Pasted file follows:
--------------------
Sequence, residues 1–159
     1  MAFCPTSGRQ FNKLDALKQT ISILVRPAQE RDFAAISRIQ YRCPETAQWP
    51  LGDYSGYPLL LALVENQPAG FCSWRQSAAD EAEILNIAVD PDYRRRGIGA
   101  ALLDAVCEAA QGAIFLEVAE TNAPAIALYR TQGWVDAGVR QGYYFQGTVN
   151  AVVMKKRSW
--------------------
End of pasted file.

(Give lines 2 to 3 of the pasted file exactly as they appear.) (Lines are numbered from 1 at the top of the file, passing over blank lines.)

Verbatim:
     1  MAFCPTSGRQ FNKLDALKQT ISILVRPAQE RDFAAISRIQ YRCPETAQWP
    51  LGDYSGYPLL LALVENQPAG FCSWRQSAAD EAEILNIAVD PDYRRRGIGA